Joe Blaes, DDS, Editor
I have just finished watching the American Dental Association`s National Public Awareness Campaign video. I was impressed by the message, "For the look that will last." It is a simple, yet powerful, message that seems to have the ability to appeal to all ages. Be sure to take the time to see the presentation that the ADA is providing. This is the only way that you can make an informed decision on this program that will be voted on by the ADA House of Delegates at the annual meeting in San Francisco next fall.
I have followed the debate on a national advertising campaign for years. I would imagine that most dentists have done the same. I have never looked upon an outside source of advertising as any more than an awareness and educational program. I have never felt that an advertising program would be the "savior of dentistry" as some national speakers would have you believe.
One of the problems will be to measure the success of the program. Do we measure it by the number of new patients that come to the office because of what they see in the media? What about the increased dentistry that we do on patients of record because of an increased awareness of dentistry due to the advertising seen?
This is not the first time that a national advertising campaign has come so close to implementation. I seem to recall a program that featured James Whitmore as the spokesman and a slogan that had something to do with "sparkle." I think it was scrapped because of lack of support.
The preparation for this attempt seems much more complete. The successes and failures of existing state programs have been studied and incorporated into the plan where appropriate. The agency that was selected to do the program was chosen based on its creativity and how much they wanted the job. I think it is very important to hire a company that really has the desire to make this program the very best it can be. To me, this is an indication that they want the program to succeed and are willing to make midcourse changes as needed to strengthen the program.
So now it comes down to this: Are we willing "to put our money where our mouth is?" I have been listening to the ADA-bashing for years. I have heard all the arguments for not supporting a national organization, but how can you mount a national advertising campaign without one?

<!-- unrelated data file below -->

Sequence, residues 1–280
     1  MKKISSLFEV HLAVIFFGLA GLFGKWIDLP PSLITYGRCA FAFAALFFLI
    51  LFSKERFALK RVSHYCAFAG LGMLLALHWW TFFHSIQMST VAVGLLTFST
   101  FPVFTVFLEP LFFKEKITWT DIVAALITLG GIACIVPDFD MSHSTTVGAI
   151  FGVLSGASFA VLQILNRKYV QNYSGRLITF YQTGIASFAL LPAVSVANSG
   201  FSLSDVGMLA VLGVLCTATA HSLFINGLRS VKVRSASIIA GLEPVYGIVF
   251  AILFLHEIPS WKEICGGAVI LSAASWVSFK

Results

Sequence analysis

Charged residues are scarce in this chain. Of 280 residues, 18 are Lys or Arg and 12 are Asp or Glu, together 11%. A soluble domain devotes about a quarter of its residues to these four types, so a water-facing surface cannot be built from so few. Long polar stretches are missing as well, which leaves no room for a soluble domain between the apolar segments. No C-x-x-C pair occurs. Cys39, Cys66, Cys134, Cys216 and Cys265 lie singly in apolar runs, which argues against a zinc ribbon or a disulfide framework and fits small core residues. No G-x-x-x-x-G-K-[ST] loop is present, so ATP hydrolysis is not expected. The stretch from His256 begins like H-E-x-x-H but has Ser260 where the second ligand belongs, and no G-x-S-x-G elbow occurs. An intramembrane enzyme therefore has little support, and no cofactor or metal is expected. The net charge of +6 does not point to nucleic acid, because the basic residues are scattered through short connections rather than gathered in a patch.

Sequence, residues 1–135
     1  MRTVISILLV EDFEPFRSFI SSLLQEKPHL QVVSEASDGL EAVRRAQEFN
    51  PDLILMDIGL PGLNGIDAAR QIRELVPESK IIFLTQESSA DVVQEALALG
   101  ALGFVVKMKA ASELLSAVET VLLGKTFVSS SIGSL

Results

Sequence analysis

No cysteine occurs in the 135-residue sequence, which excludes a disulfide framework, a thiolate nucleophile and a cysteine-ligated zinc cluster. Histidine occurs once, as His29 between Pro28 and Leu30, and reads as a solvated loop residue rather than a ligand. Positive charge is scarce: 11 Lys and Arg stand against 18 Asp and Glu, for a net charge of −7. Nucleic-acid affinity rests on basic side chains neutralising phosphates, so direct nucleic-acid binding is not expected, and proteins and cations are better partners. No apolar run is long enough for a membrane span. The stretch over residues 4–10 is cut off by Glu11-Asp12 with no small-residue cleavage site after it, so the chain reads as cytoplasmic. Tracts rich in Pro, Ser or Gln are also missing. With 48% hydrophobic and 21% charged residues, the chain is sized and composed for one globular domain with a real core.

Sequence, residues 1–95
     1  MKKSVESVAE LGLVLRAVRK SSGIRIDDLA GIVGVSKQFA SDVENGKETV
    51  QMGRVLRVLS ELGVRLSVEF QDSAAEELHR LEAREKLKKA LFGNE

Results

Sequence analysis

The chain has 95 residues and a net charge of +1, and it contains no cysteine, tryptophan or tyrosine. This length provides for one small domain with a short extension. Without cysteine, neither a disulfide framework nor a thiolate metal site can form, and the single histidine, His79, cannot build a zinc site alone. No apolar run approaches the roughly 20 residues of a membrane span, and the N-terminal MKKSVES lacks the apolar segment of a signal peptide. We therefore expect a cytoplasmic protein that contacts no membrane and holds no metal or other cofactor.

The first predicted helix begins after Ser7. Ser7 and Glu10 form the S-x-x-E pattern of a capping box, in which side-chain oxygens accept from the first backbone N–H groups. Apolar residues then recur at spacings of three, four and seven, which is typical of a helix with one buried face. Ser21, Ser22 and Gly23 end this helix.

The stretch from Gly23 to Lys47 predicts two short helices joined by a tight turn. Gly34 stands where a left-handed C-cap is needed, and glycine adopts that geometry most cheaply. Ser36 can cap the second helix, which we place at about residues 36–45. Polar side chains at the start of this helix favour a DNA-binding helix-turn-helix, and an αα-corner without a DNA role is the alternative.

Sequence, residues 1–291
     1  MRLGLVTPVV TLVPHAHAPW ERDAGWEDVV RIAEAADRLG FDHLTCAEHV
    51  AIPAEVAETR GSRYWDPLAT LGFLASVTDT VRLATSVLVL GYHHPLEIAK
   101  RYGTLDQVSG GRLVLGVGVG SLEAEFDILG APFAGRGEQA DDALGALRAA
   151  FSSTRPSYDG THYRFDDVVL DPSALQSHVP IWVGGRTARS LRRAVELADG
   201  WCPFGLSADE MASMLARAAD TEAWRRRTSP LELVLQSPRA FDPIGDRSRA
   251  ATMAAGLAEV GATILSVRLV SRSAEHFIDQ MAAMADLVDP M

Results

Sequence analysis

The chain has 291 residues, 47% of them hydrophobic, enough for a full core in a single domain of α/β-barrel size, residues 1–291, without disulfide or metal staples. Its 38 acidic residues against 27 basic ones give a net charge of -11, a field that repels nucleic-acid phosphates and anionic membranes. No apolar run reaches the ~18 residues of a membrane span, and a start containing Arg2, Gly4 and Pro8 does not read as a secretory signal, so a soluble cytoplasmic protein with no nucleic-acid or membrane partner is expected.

Don`t be swayed by a lot of emotional rhetoric; look at the facts. It comes down to this: As an ADA member, are you willing to spend about 85 cents a day for three years to find out if a national public awareness campaign will work? I think we would be foolish to do otherwise!
A series of changes for Dental Economics begin with this issue. The annual practice survey will now appear in the May issue, and the fee survey (normally in the May issue) will now be in the December issue. The thinking behind this is that dentists are usually looking at fees and salaries at the end of the year, and we want the information to be current.
Dr. Charles Blair and I discussed the results of this year`s practice survey at length before collaborating on the article you will find in this issue. I consider Dr. Blair a great source of information and guidance on the relative data in a dental practice. Some great information is contained in the article. I hope you will integrate some of it into your practice.
On another subject, as editor of Dental Economics, I believe that the private, fee-for-service model serves dentistry and our patients well. The editorial policy of this magazine supports the private fee-for-service model. However, it is my belief that dentists must make informed choices in today`s business climate. I will strive to provide the articles that you need to make those choices.
As a dentist, I believe in establishing a trusting relationship with my patients and then treating them as I would a member of my family. Over the years, this philosophy has worked well for me. I hope that this clears up any confusion that may have existed about Dental Economics` policy.